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Diseases » Syphilis » Signs
 

Signs of Syphilis

Symptoms of Syphilis

The list of medical symptoms mentioned in various sources for Syphilis may include:

Note that Syphilis symptoms usually refers to various medical symptoms known to a patient, but the phrase Syphilis signs may often refer to those signs that are only noticable by a doctor.

Signs or Symptoms of Syphilis:

Sexually Transmitted Diseases, NIAID Fact Sheet: NIAID (Excerpt)

The first symptoms of syphilis may go undetected because they are very mild and disappear spontaneously. The initial symptom is a chancre; it is usually a painless open sore that usually appears on the penis or around or in the vagina. It can also occur near the mouth, anus, or on the hands. If untreated, syphilis may go on to more advanced stages, including a transient rash and, eventually, serious involvement of the heart and central nervous system. The full course of the disease can take years. Penicillin remains the most effective drug to treat people with syphilis. (Source: excerpt from Sexually Transmitted Diseases, NIAID Fact Sheet: NIAID)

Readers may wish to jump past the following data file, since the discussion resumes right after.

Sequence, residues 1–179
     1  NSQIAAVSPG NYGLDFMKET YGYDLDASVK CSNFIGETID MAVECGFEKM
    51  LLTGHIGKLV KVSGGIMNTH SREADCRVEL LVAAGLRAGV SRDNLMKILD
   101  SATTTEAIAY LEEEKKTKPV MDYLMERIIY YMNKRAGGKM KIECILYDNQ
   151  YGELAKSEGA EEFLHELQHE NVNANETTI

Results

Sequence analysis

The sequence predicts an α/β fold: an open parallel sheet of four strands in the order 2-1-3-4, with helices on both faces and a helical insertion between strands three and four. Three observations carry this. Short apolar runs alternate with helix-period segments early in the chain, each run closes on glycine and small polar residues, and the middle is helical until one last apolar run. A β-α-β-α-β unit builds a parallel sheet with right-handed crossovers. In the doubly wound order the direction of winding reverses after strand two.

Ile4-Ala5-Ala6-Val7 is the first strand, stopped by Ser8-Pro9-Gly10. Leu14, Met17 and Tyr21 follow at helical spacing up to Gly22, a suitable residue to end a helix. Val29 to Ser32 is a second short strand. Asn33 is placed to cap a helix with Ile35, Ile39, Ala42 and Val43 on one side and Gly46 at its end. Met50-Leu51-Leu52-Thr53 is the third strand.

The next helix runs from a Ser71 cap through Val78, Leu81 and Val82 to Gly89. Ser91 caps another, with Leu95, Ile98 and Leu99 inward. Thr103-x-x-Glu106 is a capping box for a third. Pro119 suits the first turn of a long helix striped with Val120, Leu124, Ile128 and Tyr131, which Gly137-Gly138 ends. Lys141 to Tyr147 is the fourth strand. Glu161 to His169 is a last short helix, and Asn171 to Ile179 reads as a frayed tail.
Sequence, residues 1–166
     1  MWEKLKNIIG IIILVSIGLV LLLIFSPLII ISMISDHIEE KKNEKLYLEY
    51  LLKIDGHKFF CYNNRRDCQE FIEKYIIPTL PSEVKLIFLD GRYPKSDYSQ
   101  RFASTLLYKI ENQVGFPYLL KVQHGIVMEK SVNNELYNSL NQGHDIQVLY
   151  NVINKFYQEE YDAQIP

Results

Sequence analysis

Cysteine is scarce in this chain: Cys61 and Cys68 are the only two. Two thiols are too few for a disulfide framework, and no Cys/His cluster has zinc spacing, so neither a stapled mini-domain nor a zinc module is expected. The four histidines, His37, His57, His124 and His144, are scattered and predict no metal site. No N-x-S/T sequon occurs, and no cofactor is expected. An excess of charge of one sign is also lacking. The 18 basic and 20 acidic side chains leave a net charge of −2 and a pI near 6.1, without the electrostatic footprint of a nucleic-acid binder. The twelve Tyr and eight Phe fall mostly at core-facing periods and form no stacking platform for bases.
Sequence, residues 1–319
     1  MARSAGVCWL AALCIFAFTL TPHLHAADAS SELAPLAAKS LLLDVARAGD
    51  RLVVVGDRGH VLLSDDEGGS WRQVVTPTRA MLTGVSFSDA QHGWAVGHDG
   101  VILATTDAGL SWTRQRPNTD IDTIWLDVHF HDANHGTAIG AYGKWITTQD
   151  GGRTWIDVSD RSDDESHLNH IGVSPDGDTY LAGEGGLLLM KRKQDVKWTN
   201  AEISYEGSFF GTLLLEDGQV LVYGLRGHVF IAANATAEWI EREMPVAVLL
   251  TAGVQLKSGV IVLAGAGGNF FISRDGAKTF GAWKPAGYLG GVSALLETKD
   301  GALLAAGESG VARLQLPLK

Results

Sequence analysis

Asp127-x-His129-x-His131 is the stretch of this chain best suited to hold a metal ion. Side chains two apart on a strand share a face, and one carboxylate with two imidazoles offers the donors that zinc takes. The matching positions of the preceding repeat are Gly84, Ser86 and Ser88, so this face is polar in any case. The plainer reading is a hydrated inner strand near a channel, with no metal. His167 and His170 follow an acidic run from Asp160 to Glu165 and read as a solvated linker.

Syphilis, NIAID Fact Sheet: NIAID (Excerpt)

The initial infection causes an ulcer at the site of infection; however, the bacteria move throughout the body, damaging many organs over time. Medical experts describe the course of the disease by dividing it into four stages – primary, secondary, latent, and tertiary (late). An infected person who has not been treated may infect others during the first two stages, which usually last one to two years. In its late stages, untreated syphilis, although not contagious, can cause serious heart abnormalities, mental disorders, blindness, other neurologic problems, and death. (Source: excerpt from Syphilis, NIAID Fact Sheet: NIAID)